I really can’t remember what else I did or didn’t do, I was completely present is about all I remember. I ask the social worker if alcohol is involved in most cases when the children are taken from the parents, I ask them to reverse roles and ask them how it feels to convict an innocent person? I ask the jury if they want to know anything about me.

Bill opens and says to me,, you take the first cop on cross. I watching the Judge and jury, (very pretty Judge) and of course I immediately fall all over myself, not knowing any of the facts about the case.

It is possible to use some script that works in the past,, and because of this I am able to score some points with an officer who will not answer any of my questions at all,, he continually volunteers information about DWI’s field sobriety tests, etc.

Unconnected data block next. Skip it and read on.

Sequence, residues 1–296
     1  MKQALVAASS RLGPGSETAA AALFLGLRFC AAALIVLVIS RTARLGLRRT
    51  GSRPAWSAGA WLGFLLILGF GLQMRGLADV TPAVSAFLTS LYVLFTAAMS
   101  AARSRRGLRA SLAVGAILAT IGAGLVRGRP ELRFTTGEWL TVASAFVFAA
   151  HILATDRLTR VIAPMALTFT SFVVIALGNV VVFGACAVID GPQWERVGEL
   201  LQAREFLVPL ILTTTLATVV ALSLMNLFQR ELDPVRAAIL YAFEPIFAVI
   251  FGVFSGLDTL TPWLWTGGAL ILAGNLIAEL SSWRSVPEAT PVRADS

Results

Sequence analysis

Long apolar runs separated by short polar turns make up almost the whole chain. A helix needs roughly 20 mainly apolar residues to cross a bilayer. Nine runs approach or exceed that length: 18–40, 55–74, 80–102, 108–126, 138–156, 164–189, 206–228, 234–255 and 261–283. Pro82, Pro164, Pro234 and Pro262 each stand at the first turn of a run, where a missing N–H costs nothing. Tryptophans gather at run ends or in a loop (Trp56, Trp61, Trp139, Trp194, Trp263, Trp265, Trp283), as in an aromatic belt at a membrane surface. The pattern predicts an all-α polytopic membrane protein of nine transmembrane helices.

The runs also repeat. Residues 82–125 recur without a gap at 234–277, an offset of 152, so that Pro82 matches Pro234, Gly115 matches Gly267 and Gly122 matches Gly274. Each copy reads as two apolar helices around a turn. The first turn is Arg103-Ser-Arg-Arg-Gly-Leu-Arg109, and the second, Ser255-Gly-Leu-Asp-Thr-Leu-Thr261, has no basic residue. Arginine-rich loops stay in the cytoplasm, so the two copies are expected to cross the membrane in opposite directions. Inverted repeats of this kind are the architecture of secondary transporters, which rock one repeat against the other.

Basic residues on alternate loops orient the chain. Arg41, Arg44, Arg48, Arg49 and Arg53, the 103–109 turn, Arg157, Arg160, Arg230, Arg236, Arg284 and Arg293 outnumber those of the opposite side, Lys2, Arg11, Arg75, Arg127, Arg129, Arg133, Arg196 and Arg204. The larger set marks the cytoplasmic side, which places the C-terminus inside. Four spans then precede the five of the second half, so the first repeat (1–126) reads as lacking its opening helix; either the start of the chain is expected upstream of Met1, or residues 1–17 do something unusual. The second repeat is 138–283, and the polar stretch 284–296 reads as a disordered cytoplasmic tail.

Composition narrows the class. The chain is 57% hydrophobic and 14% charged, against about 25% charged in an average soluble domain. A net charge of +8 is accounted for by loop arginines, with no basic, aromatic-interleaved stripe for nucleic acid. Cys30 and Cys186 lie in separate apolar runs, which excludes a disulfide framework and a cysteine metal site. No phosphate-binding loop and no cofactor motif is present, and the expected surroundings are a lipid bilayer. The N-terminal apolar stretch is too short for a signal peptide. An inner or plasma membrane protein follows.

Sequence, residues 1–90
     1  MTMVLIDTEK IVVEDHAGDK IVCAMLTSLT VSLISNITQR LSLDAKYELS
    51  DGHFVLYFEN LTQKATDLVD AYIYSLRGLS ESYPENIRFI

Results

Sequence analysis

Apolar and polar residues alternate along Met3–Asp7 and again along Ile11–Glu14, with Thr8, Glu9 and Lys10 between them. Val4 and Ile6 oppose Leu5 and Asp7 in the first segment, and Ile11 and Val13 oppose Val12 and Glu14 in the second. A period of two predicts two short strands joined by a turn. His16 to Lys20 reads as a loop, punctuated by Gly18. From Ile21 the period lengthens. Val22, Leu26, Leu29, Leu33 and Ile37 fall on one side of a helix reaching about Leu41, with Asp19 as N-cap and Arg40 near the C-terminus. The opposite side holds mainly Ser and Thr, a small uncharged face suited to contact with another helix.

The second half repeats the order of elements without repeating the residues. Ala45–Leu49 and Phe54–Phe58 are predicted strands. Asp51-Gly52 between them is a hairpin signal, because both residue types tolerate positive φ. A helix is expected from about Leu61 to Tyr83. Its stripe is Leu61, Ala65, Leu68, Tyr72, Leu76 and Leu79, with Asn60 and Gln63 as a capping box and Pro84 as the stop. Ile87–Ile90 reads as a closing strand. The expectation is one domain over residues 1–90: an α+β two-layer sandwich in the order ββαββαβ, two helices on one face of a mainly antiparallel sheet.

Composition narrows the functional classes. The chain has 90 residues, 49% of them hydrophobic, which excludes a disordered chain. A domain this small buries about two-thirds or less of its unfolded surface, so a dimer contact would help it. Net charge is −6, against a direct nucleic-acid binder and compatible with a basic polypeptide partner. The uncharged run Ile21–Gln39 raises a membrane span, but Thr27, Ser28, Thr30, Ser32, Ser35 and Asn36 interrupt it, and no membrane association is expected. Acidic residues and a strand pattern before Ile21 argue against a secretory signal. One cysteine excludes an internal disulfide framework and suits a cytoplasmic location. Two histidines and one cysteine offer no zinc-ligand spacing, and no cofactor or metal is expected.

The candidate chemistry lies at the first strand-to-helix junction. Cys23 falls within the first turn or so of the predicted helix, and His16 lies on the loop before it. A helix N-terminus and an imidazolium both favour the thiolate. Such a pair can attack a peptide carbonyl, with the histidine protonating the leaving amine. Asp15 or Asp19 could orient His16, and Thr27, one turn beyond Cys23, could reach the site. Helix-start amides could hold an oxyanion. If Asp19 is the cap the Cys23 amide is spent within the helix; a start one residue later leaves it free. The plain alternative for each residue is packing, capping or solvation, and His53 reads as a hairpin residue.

I’m feeling out of control and wondering why this fella isn’t admitting the standard questions,, i.e., it is possible to have odor of alcohol and not be intoxicated and other boiler plate questions. At all times I am looking directly at the jury, (Bill is staring at the Judge, lol or maybe it was the other way around), and I begin entering the emotional venue of the officer. He goes to a college where everyone gets drunk and he doesn’t, he looses several of his close personal friends to DWI and officers are lost to DWI deaths, and in his opinion, a .05 impairment should lead to arrest a suspected intoxicated driver. He also refuses to produce any back up notes, refuses to to back to the scene of the accident and see if there is a telephone pole close to the fire hydrant Gilbert’s car struck and unless ordered by the court,, he ain’t gonna do it. He refuses to tell us about his family or loved ones,, etc. He tells me he loves animals.